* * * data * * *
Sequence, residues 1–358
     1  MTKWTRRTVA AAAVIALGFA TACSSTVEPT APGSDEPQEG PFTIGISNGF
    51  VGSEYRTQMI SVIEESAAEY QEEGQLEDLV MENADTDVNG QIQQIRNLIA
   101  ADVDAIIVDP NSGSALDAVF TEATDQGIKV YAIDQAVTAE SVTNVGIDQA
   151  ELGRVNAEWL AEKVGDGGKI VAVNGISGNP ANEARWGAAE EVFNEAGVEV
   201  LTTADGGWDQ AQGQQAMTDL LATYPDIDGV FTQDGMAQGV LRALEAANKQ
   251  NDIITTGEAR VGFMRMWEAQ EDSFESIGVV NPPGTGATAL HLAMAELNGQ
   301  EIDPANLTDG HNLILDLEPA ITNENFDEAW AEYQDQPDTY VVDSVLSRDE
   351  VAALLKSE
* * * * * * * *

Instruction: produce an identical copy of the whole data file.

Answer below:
Sequence, residues 1–358
     1  MTKWTRRTVA AAAVIALGFA TACSSTVEPT APGSDEPQEG PFTIGISNGF
    51  VGSEYRTQMI SVIEESAAEY QEEGQLEDLV MENADTDVNG QIQQIRNLIA
   101  ADVDAIIVDP NSGSALDAVF TEATDQGIKV YAIDQAVTAE SVTNVGIDQA
   151  ELGRVNAEWL AEKVGDGGKI VAVNGISGNP ANEARWGAAE EVFNEAGVEV
   201  LTTADGGWDQ AQGQQAMTDL LATYPDIDGV FTQDGMAQGV LRALEAANKQ
   251  NDIITTGEAR VGFMRMWEAQ EDSFESIGVV NPPGTGATAL HLAMAELNGQ
   301  EIDPANLTDG HNLILDLEPA ITNENFDEAW AEYQDQPDTY VVDSVLSRDE
   351  VAALLKSE